The industry will face more chaos in 2020 due to continued pressure to lower drug prices in the U.S., which means that Big Pharma as well as CDMOs need to continue to find ways to work smarter, more effectively to bring down costs that otherwise can exceed $2 billion before a drug is brought to market, based on estimates from Tufts University. We’re also seeing concerns about drug shortages and the need to stockpile some necessary drugs as well as a shortage of qualified chemists in 2020.
Below are four trends that Seqens NA expects will impact the industry this year:
1. Continued pressure on drug pricing
Congress continues to make noise about the need to lower drug prices. But, given other issues currently preoccupying Congress, it might not be able to draft legislation to address pricing. Drug development can take at least a decade and cost $2 billion before a drug is approved by the FDA and/or EMA and reaches the market. And drugs are getting more complex. Laws that restrict pricing likely will remove financial incentives to invest in new development, thereby reducing innovation and hurting the industry and especially the patients who are hoping for new medicines.
2. Demand for U.S. manufacturing will rise
Even with the possibility of a new trade agreement with China, there will a push to bring back manufacturing to the U.S. rather than worry about tariffs and other problems importing APIs into the country. While costs in Asia are lower, the costs in the U.S. are decreasing and reaching parity. U.S. customers are increasingly seeing the value of working with CDMOs in closer proximity (rather than a 12+ hours-time difference when working with Asia), and without the fear of worrying about protecting their intellectual property (IP).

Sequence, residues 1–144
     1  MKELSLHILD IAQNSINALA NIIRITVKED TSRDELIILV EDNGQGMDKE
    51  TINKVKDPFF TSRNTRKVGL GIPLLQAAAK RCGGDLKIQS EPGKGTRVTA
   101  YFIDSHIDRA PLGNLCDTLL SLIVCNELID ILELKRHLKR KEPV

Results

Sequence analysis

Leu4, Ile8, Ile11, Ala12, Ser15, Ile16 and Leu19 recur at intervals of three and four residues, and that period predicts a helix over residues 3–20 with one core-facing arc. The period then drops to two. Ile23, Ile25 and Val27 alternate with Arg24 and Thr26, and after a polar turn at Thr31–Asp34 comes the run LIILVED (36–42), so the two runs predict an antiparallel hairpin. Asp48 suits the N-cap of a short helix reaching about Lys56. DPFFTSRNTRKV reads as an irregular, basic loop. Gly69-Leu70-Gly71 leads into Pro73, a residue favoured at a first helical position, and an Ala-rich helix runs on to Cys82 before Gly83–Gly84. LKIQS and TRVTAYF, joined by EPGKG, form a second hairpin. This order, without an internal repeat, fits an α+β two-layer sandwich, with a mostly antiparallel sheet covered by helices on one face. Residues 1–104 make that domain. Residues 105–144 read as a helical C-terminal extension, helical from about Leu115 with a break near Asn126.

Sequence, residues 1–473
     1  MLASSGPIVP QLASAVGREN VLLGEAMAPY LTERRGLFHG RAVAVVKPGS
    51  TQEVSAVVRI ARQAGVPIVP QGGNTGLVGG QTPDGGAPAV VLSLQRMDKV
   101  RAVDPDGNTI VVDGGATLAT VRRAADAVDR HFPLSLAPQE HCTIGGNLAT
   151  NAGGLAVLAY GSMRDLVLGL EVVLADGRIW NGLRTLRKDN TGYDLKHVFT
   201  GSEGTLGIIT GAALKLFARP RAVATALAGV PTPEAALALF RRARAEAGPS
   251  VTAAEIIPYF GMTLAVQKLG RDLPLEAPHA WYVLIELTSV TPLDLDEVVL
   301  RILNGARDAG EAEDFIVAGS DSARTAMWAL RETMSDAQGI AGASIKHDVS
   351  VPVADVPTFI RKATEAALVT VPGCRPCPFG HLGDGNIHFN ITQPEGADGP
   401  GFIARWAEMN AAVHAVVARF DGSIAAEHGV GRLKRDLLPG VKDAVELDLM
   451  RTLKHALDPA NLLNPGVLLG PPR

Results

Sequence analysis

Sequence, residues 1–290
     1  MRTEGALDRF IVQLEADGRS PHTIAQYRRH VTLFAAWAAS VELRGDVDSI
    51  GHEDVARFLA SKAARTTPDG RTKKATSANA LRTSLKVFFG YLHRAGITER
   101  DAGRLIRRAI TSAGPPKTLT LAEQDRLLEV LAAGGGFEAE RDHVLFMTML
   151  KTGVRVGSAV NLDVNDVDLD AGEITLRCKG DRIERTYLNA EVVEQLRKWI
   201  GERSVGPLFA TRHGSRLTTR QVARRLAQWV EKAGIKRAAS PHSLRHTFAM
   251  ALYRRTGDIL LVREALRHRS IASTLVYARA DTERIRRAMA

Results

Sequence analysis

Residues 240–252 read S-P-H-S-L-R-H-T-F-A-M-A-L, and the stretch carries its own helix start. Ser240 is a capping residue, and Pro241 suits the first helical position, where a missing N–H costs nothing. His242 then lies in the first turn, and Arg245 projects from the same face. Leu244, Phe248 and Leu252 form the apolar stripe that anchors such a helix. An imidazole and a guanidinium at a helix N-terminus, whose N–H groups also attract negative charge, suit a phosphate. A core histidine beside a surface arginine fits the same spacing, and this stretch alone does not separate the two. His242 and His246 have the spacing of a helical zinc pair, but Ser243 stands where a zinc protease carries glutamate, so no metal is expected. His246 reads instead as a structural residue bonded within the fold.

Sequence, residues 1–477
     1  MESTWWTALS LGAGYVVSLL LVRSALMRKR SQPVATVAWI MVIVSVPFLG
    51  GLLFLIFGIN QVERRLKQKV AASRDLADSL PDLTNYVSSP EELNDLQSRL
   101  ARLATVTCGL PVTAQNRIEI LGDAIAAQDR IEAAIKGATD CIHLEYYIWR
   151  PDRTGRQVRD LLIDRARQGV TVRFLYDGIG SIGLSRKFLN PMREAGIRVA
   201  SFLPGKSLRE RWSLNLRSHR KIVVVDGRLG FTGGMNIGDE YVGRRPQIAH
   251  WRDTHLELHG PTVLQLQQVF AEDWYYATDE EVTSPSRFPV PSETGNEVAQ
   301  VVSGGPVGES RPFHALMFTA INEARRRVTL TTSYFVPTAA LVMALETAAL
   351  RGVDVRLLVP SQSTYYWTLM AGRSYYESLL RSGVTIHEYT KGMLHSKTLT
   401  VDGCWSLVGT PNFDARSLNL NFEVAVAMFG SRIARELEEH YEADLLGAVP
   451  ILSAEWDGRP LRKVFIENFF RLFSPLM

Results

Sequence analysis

3. Supply chain issues are important
There are significant concerns about the supply chain in the U.S., including getting raw materials from other parts of the world. The industry and the federal government need to look at various ways to remove some of the uncertainty about importing raw materials cost effectively and efficiently. The security of the supply chain seems to be an issue that's getting Congressional attention, and there could be some movement on that issue over the next year.
4. A limit to industry growth could be not enough employees
The industry is projected to grow significantly over the next decade but there’s one challenge that needs to be addressed, and it’s not funding or potential new medicines. It’s the number of people who are looking to enter the market. MassBio and other groups have projected significant worker shortages within the next few years if not addressed. Expect public-private partnerships to be established to help recruit and train people to work in labs. Colleges, especially those facing declining enrollment, will likely focus more on career preparedness, including internships, to give their students a leg up for after graduation. It will be important for colleges, local governments and local businesses to work together in what’s realty in the interest of all three.